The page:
Choosing a carpet for your home can be a daunting task. Not only do they have to match your needs, budget, and aesthetic, but you likely also expect them last for years – if not decades!
To help you on your journey, we’ve put together a quick guide to one of the most popular forms of carpeting out there – loop pile carpet. We’ll go over all the key factors, including cost, comfort, maintenance, and durability, and you can decide if loop pile is right for you. For those of you looking for more general advice, why not check out our Ultimate Carpet Buying Guide?
What is carpet pile?
Let’s start with the basics – what exactly is pile? ‘Pile’ refers to the top layer of the carpet, the part you’ll be interacting with every day. The pile dictates the comfort, durability, appearance, and maintenance of your carpet, so it’s important to pick the right pile for you.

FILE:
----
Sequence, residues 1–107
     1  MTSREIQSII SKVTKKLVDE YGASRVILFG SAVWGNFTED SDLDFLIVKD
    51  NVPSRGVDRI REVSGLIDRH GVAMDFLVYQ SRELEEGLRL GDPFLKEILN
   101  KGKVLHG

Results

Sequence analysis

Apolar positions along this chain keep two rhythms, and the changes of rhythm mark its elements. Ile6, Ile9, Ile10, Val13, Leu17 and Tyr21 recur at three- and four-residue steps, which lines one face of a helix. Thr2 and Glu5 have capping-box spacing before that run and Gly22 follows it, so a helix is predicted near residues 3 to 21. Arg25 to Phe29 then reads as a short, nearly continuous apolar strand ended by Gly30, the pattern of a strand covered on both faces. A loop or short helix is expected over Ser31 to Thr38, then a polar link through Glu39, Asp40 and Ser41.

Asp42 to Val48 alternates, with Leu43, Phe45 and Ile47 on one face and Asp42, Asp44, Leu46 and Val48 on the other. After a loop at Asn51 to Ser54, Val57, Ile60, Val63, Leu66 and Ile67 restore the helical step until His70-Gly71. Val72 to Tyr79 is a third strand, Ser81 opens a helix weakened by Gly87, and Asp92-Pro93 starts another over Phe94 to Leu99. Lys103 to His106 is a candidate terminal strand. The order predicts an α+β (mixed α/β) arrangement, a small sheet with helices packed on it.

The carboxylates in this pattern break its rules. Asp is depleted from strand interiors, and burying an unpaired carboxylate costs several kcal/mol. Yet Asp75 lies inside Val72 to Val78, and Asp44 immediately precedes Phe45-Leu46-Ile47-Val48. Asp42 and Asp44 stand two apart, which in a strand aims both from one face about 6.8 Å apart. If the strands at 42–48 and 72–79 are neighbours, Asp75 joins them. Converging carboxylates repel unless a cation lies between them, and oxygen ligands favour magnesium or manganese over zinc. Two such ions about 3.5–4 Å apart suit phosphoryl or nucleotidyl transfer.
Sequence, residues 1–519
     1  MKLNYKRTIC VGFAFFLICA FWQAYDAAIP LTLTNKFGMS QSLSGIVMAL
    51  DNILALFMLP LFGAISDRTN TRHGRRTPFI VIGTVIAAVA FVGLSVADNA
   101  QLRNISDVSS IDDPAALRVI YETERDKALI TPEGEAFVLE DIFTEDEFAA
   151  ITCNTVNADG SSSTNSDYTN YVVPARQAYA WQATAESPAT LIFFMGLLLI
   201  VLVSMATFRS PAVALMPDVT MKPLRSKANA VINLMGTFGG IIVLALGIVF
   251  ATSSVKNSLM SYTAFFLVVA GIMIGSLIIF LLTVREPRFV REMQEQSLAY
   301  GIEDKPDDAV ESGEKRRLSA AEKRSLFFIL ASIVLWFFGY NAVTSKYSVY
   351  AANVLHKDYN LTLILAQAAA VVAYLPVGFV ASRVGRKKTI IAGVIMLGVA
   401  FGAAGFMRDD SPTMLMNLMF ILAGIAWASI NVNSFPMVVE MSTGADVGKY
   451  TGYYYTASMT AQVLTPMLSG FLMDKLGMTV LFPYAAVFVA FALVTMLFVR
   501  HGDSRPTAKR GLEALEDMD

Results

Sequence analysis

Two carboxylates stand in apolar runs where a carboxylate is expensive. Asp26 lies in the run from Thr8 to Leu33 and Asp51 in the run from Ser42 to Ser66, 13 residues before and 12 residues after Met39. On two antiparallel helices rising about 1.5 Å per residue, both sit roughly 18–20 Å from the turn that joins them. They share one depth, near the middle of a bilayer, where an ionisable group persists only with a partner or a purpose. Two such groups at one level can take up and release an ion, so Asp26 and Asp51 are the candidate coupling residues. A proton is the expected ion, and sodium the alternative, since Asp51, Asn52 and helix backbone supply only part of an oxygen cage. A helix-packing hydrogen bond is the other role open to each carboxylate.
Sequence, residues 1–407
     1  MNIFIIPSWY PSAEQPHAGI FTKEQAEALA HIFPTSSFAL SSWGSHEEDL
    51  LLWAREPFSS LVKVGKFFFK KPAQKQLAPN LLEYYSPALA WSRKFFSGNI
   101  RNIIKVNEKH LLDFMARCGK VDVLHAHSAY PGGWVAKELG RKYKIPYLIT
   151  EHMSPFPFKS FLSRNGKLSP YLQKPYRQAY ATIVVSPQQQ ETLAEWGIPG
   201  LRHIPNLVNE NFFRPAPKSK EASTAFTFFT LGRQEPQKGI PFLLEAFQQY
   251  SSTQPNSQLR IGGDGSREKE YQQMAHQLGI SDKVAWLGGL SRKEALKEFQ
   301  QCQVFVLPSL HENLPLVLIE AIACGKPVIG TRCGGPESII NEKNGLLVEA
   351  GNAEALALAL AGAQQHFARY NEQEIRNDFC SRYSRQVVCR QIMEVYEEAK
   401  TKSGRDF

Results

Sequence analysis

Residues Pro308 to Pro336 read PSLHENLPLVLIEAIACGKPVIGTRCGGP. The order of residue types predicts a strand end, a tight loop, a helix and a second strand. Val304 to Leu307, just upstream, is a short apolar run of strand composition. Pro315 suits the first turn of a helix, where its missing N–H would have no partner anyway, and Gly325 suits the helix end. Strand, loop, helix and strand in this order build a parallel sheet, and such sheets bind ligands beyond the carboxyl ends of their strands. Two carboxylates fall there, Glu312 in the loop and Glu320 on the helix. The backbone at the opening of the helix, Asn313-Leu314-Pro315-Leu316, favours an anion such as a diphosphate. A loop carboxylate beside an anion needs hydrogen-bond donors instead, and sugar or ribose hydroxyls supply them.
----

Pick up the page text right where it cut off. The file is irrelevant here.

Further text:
You’ll often see carpet pile divided into three categories – deep/high, medium, and low. Deep/high is usually the most comfortable, with longer, taller fibres providing a luxury feel, though often at the expense of durability. The shorter fibres of a low pile are cheaper and more durable, but usually the least comfortable. And, as you’d probably expect, medium hits a middle ground between the two.
For home use, medium and deep are likely going to be the best choice for you, depending, of course, on your specific needs, maintenance abilities, and budget. Workplaces will likely lean towards a low pile, to manage much higher foot traffic while keeping costs low.
What is loop pile carpet?
The term ‘loop pile’ refers to the construction of the carpet itself. During the manufacturing process, the pile is woven in and out of the backing of the carpet, creating a series of loops. Loop pile carpet can be broken down into even more variations, such as Multi-level loop, Berber, and Sisal – we’ll touch on these later.
The alternative to loop pile carpet is cut pile. It’s exactly as it sounds – the fibres are woven through the backing but instead of looping over, they’re cut to a specific height and twisted into tufts. You might also find carpets that are a combination of the two.
Here’s a quick look at some of its specific features to help you decide if loop pile carpet is right for you.